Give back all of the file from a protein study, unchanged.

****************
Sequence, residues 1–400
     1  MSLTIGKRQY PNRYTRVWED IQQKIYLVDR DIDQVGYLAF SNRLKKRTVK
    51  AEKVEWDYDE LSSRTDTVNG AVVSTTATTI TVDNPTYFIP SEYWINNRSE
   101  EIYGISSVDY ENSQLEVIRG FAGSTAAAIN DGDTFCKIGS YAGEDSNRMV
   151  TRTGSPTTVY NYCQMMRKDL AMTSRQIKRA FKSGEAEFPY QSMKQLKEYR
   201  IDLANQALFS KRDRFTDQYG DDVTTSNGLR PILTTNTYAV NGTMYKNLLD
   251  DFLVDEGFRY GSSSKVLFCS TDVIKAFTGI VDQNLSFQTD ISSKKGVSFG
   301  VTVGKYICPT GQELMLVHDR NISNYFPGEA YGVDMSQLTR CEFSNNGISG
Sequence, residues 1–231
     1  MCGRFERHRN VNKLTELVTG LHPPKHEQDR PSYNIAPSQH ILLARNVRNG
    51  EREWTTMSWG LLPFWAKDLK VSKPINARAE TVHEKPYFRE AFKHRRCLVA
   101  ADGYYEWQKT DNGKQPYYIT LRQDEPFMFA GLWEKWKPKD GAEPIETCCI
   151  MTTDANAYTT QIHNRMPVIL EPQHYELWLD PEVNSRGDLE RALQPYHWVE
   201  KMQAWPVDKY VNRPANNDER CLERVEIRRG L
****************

Sequence, residues 1–400
     1  MSLTIGKRQY PNRYTRVWED IQQKIYLVDR DIDQVGYLAF SNRLKKRTVK
    51  AEKVEWDYDE LSSRTDTVNG AVVSTTATTI TVDNPTYFIP SEYWINNRSE
   101  EIYGISSVDY ENSQLEVIRG FAGSTAAAIN DGDTFCKIGS YAGEDSNRMV
   151  TRTGSPTTVY NYCQMMRKDL AMTSRQIKRA FKSGEAEFPY QSMKQLKEYR
   201  IDLANQALFS KRDRFTDQYG DDVTTSNGLR PILTTNTYAV NGTMYKNLLD
   251  DFLVDEGFRY GSSSKVLFCS TDVIKAFTGI VDQNLSFQTD ISSKKGVSFG
   301  VTVGKYICPT GQELMLVHDR NISNYFPGEA YGVDMSQLTR CEFSNNGISG
Sequence, residues 1–231
     1  MCGRFERHRN VNKLTELVTG LHPPKHEQDR PSYNIAPSQH ILLARNVRNG
    51  EREWTTMSWG LLPFWAKDLK VSKPINARAE TVHEKPYFRE AFKHRRCLVA
   101  ADGYYEWQKT DNGKQPYYIT LRQDEPFMFA GLWEKWKPKD GAEPIETCCI
   151  MTTDANAYTT QIHNRMPVIL EPQHYELWLD PEVNSRGDLE RALQPYHWVE
   201  KMQAWPVDKY VNRPANNDER CLERVEIRRG L